Assessing Your Company’s Response to COVID-19

Paula Loop is Governance Insights Center Leader at PricewaterhouseCoopers LLP. This post is based on a PwC memorandum authored by Ms. Loop and David Stainback.

The COVID-19 pandemic has led to the biggest crisis many companies have had to face in their corporate lifetime. Few companies anticipated that something of this scope and size could happen, and most were not prepared for it.

Companies reacted to the outbreak either by adapting whatever crisis or continuity plans they had in place, or by starting from scratch, trying not to get caught too far behind their peers. Many companies have been granted a bit of leeway for their response by the public, media and stakeholders, highlighting the “we’re all in this together” sentiment. But no company should expect that to last forever.

Preparing to do better, next time

In a prolonged crisis, as this is proving to be, we often see waves of activity separated by a period of calm—like flying through a hurricane. Many companies are currently in the eye of the storm, but stakeholders—employees, consumers and investors—will expect them to do better in the next wave and beyond.

Forward-looking companies are taking steps now to be better prepared for when the next crisis hits. These companies are dedicating time to an in-depth review of their response to the first wave. They are evaluating their actions, incorporating lessons learned into their response plans and building their capability to meet the next challenge.

The starting point for this effort is doing a critical review of what did and didn’t work. The review should cover not only the substance of the response, but also the response process. You should also take a look at the response from the perspective of the company’s stakeholders, as well as what competitors did and didn’t do. The outcome of this effort should be an improved response plan that will be ready when the company needs it. It also can be valuable for management to get an external, objective assessment of the company’s crisis response for a different perspective from those that participated in it. As savvy companies are investing heavily in redesigning their business strategy in this new environment, they are also recognizing the value of investing in crisis preparedness to protect it.

Boards and management teams: Questions to help assess your crisis response to the pandemic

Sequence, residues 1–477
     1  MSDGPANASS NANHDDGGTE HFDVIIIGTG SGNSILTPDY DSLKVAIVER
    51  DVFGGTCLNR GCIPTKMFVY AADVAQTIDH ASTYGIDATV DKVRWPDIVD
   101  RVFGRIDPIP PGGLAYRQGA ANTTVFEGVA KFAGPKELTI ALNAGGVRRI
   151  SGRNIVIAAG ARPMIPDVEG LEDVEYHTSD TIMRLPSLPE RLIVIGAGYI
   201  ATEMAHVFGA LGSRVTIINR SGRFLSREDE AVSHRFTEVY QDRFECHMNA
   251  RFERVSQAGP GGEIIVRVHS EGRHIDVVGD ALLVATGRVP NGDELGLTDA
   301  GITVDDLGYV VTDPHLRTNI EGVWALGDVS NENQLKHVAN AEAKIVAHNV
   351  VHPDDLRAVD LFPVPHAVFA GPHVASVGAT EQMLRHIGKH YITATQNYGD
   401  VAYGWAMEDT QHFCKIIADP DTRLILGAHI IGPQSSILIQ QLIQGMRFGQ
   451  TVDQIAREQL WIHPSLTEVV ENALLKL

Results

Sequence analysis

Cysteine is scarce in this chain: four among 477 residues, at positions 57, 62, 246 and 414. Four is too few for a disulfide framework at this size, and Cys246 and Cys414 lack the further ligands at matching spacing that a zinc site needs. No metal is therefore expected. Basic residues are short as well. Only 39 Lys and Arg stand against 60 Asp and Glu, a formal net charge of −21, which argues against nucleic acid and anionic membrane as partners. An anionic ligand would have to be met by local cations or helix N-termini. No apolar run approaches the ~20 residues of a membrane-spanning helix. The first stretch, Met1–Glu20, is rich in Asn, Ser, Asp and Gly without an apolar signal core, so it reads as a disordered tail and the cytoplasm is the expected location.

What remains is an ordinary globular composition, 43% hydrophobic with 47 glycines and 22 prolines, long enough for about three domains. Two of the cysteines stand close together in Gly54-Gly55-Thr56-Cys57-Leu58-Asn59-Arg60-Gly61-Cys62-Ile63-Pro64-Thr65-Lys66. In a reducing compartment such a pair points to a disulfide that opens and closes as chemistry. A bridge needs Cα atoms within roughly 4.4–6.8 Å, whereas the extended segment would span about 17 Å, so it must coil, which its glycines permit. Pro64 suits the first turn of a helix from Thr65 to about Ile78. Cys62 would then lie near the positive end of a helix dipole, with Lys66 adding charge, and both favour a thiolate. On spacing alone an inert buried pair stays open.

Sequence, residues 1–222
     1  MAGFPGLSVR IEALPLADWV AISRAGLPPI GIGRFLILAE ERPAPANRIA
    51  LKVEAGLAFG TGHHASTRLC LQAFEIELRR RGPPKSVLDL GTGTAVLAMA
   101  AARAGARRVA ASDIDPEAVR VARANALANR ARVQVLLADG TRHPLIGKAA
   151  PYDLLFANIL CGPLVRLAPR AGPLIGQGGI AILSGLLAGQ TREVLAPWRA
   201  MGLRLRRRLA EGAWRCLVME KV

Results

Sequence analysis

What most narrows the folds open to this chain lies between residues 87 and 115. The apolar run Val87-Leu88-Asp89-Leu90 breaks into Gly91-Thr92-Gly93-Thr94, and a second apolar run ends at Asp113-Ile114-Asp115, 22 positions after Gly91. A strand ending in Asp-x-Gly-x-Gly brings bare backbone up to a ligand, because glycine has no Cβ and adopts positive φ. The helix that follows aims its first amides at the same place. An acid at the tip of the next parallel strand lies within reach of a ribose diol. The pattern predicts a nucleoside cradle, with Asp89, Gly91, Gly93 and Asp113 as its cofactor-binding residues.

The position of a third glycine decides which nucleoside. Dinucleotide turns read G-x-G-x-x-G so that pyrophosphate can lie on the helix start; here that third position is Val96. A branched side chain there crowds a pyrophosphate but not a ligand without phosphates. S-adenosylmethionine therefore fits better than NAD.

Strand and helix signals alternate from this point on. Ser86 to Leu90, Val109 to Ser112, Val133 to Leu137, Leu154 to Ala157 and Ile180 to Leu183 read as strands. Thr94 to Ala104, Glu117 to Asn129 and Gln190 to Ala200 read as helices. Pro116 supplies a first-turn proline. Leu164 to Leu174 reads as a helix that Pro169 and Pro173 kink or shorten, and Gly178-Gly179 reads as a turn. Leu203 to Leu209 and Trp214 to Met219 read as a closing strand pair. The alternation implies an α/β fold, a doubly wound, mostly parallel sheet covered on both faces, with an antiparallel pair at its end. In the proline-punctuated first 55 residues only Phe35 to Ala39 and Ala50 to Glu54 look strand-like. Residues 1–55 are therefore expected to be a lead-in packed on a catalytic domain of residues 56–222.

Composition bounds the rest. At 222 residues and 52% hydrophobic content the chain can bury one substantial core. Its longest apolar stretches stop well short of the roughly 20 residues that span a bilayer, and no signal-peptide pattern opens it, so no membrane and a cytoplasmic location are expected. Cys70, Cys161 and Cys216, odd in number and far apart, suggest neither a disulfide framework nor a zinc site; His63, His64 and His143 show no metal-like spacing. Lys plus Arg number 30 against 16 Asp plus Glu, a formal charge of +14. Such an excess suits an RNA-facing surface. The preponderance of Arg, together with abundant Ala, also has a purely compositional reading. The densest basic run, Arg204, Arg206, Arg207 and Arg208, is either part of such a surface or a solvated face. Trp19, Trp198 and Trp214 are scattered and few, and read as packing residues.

In a recent PwC survey, most directors rated their company’s response to the COVID-19-related business impact and management’s handling of internal operations as good or excellent. But companies and boards should recognize that the bar will be raised—and they shouldn’t miss the opportunity to learn from their recent crisis response and react accordingly. Continuously improving crisis preparedness will build resilience for when the next crisis hits.

Boards should also look at themselves and consider whether their governance structure was effective for dealing with the current crisis. They should evaluate whether communications among board members or between the board and management could be improved, and how they should change going forward. Boards can also consider whether a special committee or the full board would be more effective at dealing with crises. Finally, it would be prudent for the board to discuss temporary succession planning—is there a director who could step in to temporarily lead the company if necessary.

Companies can learn from their response to the coronavirus pandemic. They should take action now to cement the elements that worked and eliminate those that didn’t. Doing so will result in a company that is better prepared, more agile and responsive, and better able to lead with confidence whenever the next crisis or disruption presents itself.

Here are some questions boards can ask management about how they navigated their response to the pandemic:
  • Right crisis team: Did we have the right executives on the crisis team? Did we have the right internal subject matter experts and did we leverage the right outside experts? Is the team sustainable in the event of a long-term crisis?
  • Useful plan: Did we have an enterprise-wide crisis response or continuity plan? Did we use it? Was it effective?
  • Clear accountability: Was it clear who had decision making authority? Did it take too long to make decisions? Were there any bottlenecks in the process?
  • Effective and timely communications: Were our communications to key stakeholders on point? Were they timely and was the frequency right? Could we have been bolder?
  • Stakeholder focus: Did we consider all of our stakeholders? Did we address their key concerns? Were there a lot of unanswered questions?
  • Response to feedback: Were we agile enough to respond to feedback from our stakeholders? From the market? Did we understand what our competitors were doing and were we able to react or respond quickly, if appropriate?
  • Useful technology and data: Did we have the right tools to assist in our crisis response? Did we have the data we needed to make critical decisions in a timely manner? Is there a technology solution that we should have employed that would have made things easier to track crisis activities and provide relevant data and dashboards?

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